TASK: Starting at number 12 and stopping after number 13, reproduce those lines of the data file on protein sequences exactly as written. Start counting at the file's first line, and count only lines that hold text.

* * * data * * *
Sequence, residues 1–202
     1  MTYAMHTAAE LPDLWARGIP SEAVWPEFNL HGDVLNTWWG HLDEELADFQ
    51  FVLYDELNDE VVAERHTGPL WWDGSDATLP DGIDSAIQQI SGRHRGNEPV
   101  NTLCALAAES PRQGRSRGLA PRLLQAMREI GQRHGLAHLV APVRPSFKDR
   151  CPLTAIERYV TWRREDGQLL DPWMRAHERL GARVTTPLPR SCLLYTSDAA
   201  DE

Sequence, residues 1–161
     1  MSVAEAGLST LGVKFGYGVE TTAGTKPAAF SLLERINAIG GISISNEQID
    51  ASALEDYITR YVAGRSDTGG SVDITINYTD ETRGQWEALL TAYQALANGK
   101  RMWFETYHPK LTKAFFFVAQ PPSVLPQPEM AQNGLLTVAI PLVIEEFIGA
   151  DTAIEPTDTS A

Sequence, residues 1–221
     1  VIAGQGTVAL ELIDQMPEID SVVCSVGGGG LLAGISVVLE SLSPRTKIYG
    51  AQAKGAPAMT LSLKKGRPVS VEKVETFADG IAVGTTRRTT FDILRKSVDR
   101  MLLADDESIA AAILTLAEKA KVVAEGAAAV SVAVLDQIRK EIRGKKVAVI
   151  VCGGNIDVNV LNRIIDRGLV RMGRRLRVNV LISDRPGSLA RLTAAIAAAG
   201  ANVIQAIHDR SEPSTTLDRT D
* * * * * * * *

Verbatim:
Sequence, residues 1–221
     1  VIAGQGTVAL ELIDQMPEID SVVCSVGGGG LLAGISVVLE SLSPRTKIYG